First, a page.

Winter 2009: Features
The biology behind the sometimes irrational, often emotional choices we make about money and other things we value
By Mary J. Loftus
Cattle were the earliest version of money—not a highly portable form, granted, but a measure of wealth that was nearly universally valued.
Next came cowrie shells scooped from shallow ocean waters, metal coins, paper bills, and the gold standard. Now we deal in credit cards and computerized billing, PayPal accounts and online auctions, subprime mortgages and commodity futures.
Cold, hard cash may have become more abstract, but our relationship to it—and to the idea of buying, selling, trading, and investing—is still highly emotionally charged.
“The current economic downturn is a case in point,” says neuroscientist Dennis Choi, executive director of Emory’s Neuroscience, Human Nature, and Society Initiative. “A lot has happened that doesn’t seem based in fact. You just need to observe the wild, almost daily swings in the stock market, reflecting optimism and pessimism, to see the very powerful overlay of emotions.
“We did not evolve to sell derivatives,” says Choi. “That wasn’t a driving force in human evolution. Our system to weigh risks and rewards developed for different purposes.”
How and why we make such value decisions is at the core of an emerging discipline: neuroeconomics, which exists at the juncture of neurobiology, psychology, and economics. By mapping the brain activity of volunteers with technologies such as functional magnetic resonance imaging (fMRIs) as they are asked to make controlled choices, scientists are able to peer beyond behavior into underlying thoughts and feelings.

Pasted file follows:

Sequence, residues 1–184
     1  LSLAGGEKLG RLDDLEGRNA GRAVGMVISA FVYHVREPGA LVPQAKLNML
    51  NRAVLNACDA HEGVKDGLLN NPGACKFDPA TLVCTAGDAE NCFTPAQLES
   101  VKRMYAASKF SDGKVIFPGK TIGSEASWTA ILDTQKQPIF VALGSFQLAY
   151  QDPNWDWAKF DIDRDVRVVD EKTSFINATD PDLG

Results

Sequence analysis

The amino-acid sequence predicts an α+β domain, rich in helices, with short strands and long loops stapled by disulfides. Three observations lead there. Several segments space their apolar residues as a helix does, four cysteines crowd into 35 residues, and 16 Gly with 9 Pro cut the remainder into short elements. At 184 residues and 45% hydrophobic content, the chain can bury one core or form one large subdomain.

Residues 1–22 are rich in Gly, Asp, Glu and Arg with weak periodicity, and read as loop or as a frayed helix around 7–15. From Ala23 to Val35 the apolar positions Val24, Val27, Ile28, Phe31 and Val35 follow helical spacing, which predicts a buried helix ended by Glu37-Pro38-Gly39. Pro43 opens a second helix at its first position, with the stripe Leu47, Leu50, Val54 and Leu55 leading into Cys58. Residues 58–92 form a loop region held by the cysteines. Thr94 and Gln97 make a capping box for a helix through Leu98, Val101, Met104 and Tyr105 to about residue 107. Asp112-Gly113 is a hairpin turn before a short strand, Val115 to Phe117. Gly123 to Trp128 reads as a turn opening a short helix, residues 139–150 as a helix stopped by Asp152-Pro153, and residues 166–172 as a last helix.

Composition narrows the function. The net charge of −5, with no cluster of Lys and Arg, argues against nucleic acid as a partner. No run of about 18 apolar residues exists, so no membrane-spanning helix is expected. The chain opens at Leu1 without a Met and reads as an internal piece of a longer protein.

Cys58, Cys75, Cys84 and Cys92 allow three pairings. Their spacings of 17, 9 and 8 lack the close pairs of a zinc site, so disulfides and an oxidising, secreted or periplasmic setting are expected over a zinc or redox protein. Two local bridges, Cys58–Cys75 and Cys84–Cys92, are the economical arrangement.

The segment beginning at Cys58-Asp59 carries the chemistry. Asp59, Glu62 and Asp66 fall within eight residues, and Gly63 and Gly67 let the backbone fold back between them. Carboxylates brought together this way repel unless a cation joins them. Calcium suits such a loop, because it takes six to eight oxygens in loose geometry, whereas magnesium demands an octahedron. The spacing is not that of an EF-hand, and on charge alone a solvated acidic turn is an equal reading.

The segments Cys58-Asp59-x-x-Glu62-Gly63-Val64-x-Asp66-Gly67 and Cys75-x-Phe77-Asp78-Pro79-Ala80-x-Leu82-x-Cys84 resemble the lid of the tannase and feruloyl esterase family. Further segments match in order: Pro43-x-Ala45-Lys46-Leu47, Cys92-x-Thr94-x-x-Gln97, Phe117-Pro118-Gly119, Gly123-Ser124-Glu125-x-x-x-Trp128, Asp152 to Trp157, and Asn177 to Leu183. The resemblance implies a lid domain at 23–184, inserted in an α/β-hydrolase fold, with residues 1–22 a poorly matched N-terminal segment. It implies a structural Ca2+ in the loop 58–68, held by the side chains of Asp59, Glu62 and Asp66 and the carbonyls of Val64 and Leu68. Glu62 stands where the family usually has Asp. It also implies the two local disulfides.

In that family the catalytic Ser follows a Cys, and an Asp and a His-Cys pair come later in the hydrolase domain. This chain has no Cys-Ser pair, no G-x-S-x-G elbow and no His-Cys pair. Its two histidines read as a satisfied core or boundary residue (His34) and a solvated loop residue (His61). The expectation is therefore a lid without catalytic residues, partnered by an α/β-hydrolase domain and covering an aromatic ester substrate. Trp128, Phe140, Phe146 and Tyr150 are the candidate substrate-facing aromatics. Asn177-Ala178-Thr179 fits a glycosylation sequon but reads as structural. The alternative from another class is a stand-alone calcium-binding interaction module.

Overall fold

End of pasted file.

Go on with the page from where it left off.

“We’re in the early stages, and our techniques are quite crude relative to what the brain is actually doing,” Choi says. “We will probably look back on this as the stone tablet era of brain scanning. But you have to start somewhere. There’s no ‘magic hat’ that you can put on people and have them go about their business, recording everything they are thinking. You need to have properly constructed experimental paradigms and ask refined questions.”
Being able to see the activation of known brain-reward systems as they light up, however, does provide useful information, he says: “What are our biases, potential weaknesses, and strengths? What are we wired to do?”
A recent study in the journal Science, for example, seems to back up the adage that giving is its own reward. The brains of female college students were scanned as they were given $100 and told they could transfer a portion of it to charity and keep the rest. During the transfer, activity increased in the nucleus accumbens and the caudate nucleus—both areas of the brain associated with rewarding stimuli, such as viewing pictures of loved ones.
This, perhaps, is the primary lesson of neuroeconomics: it’s about much more than money. Researchers are delving into the areas of risk and reward, greed and altruism, cooperation and self-interest, fear and excitement, anticipation and novelty, pleasure and pain.
Individuals have the equivalent of neural fingerprints—patterns of brain activity unique to them, says Emory psychiatrist and neuroscientist Gregory Berns. “There is tremendous variability among people when you look in their brains that isn’t always apparent from their behavior,” he says.
Even when asked to perform the same task, individuals will show different brain algorithms, which can be used to predict their choices. “We are pulling back the curtain and looking into the brain to see what parts are running these calculations,” he says. “When you try to decode how the brain makes those decisions, then you begin to understand it.”